Distal airway dysfunction in obese subjects corrects after bariatric surgery.

Surgery for obesity and related diseases : official journal of the American Society for Bariatric Surgery

PubMedID: 21955746

Oppenheimer BW, Macht R, Goldring RM, Stabile A, Berger KI, Parikh M. Distal airway dysfunction in obese subjects corrects after bariatric surgery. Surg Obes Relat Dis. 2012;8(5):582-9.
BACKGROUND
Obesity is frequently associated with respiratory symptoms despite normal large airway function as assessed by spirometry. However, reduced functional residual capacity and expiratory reserve volume are common and might reflect distal airway dysfunction. Impulse oscillometry (IOS) might identify distal airway abnormalities not detected using routine spirometry screening. Our objective was to test the hypothesis that excess body weight will result in distal airway dysfunction detected by IOS that reverses after bariatric surgery. The setting was a university hospital.

METHODS
A total of 342 subjects underwent spirometry, plethysmography, and IOS before bariatric surgery. Of these patients, 75 repeated the testing after the loss of 20% of the total body weight. The data from 47 subjects with normal baseline spirometry and complete pre- and postoperative data were analyzed.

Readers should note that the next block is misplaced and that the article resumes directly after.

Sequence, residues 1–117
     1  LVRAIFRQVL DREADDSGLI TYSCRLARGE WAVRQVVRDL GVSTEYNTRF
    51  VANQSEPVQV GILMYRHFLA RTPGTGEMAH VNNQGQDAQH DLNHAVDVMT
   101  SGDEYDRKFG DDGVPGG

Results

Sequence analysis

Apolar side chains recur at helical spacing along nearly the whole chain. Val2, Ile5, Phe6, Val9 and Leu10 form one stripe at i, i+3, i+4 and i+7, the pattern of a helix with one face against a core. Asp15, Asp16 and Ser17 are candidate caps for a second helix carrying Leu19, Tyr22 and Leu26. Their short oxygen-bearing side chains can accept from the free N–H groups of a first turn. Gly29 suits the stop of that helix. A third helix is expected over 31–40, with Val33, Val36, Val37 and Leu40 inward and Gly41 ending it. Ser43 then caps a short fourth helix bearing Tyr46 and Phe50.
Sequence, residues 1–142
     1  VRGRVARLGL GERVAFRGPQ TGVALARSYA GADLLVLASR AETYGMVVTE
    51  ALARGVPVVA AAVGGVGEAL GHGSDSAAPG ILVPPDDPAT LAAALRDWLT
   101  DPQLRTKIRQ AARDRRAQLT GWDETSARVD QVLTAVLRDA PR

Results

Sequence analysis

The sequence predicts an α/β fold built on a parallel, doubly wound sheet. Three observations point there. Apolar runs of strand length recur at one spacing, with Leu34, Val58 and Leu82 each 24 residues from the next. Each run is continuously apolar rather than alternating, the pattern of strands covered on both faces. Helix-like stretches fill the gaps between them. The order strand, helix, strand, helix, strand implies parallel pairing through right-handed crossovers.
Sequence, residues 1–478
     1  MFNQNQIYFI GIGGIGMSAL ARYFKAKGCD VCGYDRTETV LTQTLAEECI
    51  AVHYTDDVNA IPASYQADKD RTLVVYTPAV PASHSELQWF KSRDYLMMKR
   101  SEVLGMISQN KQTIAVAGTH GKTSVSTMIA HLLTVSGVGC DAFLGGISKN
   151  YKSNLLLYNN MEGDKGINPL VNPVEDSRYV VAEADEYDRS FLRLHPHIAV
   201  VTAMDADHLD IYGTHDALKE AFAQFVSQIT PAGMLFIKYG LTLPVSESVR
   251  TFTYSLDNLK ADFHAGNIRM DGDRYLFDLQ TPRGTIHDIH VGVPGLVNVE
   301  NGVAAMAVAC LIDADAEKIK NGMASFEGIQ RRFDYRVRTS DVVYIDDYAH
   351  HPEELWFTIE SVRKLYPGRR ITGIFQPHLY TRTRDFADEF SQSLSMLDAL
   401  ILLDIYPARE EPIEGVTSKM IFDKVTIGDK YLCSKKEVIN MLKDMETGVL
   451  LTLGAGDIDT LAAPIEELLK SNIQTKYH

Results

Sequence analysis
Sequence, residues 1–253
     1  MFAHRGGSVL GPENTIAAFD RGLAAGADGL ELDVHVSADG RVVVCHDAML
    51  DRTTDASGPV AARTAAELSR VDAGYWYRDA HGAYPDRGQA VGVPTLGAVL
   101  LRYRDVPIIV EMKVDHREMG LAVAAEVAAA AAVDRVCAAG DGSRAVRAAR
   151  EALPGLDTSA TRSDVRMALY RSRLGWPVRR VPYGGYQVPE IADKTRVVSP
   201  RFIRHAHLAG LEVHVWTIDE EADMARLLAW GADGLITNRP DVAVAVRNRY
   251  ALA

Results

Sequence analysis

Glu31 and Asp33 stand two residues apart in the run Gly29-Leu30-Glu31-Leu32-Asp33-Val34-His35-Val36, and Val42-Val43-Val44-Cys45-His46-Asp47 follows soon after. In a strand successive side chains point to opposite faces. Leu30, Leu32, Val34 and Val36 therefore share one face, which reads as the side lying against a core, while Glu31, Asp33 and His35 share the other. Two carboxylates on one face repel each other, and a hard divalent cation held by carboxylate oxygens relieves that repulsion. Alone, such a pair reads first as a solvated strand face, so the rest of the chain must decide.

RESULTS
IOS detected preoperative distal airway dysfunction despite normal spirometry findings by an abnormal airway resistance at an oscillation frequency of 20 Hz (4.75 ± 1.2 cm H2O/L/s), frequency dependence of resistance from 5 to 20 Hz (2.20 ± 1.6 cm H2O/L/s), and reactance at 5 Hz (-3.47 ± 2.1 cm H2O/L/s). Postoperatively, the subjects demonstrated 57% ± 15% excess weight loss. The body mass index decreased (from 44 ± 6 to 32 ± 5 kg/m2, P < .001). Improvements in functional residual capacity (from 59% ± 11% to 75% ± 20% predicted, P < .001) and expiratory reserve volume (from 41% ± 20% to 75% ± 20% predicted, P < .001) were demonstrated. Distal airway function also improved: airway resistance at an oscillation frequency of 20 Hz (3.91 ± .9, P < .001), frequency dependence of resistance from 5 to 20 Hz (1.17 ± .9, P < .001), and reactance at 5 Hz (-1.85 ± .9, P < .001).

CONCLUSION
The present study detected significant distal airway dysfunction despite normal preoperative spirometry findings. The effect of increased body weight was likely the main mechanism for these abnormalities. However, the inflammatory state of obesity or associated respiratory disease could also be invoked. These abnormalities improved significantly toward normal after weight loss. The results of the present study highlight the importance of bariatric surgery as an effective intervention in reversing these respiratory abnormalities.